Photo: Genaro Molina / Los Angeles Times via Getty Images
A pair of scientific studies published this week tracked the dangerous increase in heat and humidity from climate change so far — and projected a future that could be too hot for billions of people.
Why it matters: Don't forget the warming in global warming. A more populous humanity will be hard-pressed to adapt to a world where large stretches of land are simply too hot to live in easily.
A study published in Science Advances on May 8 identified thousands of unprecedented periods of extreme heat and humidity in areas around the world, including in the U.S. Gulf Coast region.
- The study analyzed weather data and found extreme heat and humidity combinations doubled between 1979 and 2017.
- Along the already brutally hot Persian Gulf, there were more than a dozen times when the mix of high temperatures and humidity temporarily exceeded the theoretical human survivability level.
Of note: Scientists assess the heat and humidity combination using what is known as wet-bulb temperature, which is literally measured by wrapping a thermometer in a wet cloth.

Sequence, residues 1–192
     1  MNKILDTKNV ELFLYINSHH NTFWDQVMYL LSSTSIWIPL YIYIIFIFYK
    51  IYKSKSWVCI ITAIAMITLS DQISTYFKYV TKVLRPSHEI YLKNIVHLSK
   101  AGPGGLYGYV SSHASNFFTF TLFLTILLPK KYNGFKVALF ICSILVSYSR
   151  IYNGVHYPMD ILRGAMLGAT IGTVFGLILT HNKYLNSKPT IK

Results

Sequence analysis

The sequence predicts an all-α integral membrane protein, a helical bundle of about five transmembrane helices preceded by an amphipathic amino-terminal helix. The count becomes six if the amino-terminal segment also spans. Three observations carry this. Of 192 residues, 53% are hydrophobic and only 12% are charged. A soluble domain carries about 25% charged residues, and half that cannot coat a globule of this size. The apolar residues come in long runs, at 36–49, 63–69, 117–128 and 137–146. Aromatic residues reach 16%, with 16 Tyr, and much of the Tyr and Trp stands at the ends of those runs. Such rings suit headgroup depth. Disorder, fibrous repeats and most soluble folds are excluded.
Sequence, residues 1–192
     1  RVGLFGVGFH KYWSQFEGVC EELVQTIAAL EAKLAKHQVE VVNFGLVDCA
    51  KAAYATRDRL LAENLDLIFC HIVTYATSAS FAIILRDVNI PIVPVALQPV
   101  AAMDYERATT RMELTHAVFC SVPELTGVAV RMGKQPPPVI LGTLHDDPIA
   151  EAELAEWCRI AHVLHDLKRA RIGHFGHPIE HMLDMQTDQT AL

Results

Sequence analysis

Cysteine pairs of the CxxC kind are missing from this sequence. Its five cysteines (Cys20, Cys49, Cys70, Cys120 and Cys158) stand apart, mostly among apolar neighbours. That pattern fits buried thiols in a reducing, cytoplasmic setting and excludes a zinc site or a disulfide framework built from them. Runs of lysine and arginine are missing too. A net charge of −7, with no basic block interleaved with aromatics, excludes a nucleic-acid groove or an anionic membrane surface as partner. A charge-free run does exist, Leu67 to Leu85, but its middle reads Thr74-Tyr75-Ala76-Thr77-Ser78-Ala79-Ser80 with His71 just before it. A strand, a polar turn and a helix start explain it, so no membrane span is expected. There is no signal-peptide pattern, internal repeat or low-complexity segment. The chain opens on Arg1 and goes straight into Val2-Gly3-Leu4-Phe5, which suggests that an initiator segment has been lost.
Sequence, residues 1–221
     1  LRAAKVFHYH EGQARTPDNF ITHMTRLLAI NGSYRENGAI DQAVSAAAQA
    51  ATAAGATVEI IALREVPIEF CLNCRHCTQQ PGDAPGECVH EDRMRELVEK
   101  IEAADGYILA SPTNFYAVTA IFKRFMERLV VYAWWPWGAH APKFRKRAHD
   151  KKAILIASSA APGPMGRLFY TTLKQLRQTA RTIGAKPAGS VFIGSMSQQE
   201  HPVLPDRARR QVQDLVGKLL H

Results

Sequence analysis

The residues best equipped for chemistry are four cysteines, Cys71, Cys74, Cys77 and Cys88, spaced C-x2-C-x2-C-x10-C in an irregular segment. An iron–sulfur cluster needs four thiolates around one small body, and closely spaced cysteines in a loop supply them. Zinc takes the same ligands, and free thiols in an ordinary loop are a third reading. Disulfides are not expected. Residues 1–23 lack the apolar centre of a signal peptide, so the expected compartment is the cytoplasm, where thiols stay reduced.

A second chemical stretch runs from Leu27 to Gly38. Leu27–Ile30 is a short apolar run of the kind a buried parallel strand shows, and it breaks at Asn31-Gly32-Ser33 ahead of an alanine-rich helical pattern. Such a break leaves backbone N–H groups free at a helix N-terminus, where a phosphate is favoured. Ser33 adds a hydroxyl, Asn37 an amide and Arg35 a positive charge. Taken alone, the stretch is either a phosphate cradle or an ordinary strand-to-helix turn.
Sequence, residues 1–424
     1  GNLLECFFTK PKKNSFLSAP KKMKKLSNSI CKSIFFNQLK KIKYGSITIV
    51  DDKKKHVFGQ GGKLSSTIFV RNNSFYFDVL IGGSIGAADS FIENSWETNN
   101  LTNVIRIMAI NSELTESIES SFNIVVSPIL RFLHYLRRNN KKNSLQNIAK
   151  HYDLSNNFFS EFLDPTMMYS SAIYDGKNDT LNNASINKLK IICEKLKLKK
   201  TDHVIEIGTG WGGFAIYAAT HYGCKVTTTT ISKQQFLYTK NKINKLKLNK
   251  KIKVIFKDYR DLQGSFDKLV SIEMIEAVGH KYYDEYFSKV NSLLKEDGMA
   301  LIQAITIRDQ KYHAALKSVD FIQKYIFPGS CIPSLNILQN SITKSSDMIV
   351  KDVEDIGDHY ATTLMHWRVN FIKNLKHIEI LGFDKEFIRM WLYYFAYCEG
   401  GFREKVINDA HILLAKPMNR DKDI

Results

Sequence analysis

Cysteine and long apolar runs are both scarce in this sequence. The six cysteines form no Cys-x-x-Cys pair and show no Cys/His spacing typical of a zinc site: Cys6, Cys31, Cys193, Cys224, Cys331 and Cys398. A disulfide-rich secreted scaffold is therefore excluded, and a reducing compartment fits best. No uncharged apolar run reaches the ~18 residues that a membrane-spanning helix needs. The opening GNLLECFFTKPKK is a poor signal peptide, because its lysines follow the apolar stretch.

- A wet-bulb temperature of 95 F is lethal after about six hours.
Another study published in the Proceedings of the National Academy of Sciences on May 4 looked at the next half-century and found one-third of the world's population could end up living in areas considered unsuitably hot for human beings.
- While today only about 25 million people live in the world's hottest areas, with mean annual temperatures above 84 F, by 2070 extreme heat could have spread to multiple regions, including parts of India, the Middle East and Australia.
- Coupled with expected population growth, that could mean as many as 3.5 billion people living under extreme heat stress.
Yes, but: The study is based on what the authors called a worst-case scenario, where little is done to curb greenhouse gas emissions. And as the global population gets richer — assuming that trend continues — more people will be able to afford air conditioning, though such adaptation would add to carbon emissions.
The bottom line: The studies show that the livable climate we've taken for granted for thousands of years is not the one we'll be enduring in the future.